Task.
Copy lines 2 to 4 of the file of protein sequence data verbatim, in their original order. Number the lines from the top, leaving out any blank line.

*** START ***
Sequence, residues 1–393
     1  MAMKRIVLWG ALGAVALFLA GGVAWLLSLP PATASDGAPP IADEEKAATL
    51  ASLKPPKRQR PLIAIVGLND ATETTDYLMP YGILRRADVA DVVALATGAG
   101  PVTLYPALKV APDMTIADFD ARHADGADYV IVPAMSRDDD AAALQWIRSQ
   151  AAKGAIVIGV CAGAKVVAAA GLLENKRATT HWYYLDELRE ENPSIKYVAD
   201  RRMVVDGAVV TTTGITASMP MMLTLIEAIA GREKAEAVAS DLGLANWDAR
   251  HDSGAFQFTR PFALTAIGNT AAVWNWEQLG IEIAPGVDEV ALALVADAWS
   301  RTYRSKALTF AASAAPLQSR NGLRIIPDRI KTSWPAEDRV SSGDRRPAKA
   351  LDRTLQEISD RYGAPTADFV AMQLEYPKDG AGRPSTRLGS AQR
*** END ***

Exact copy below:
     1  MAMKRIVLWG ALGAVALFLA GGVAWLLSLP PATASDGAPP IADEEKAATL
    51  ASLKPPKRQR PLIAIVGLND ATETTDYLMP YGILRRADVA DVVALATGAG
   101  PVTLYPALKV APDMTIADFD ARHADGADYV IVPAMSRDDD AAALQWIRSQ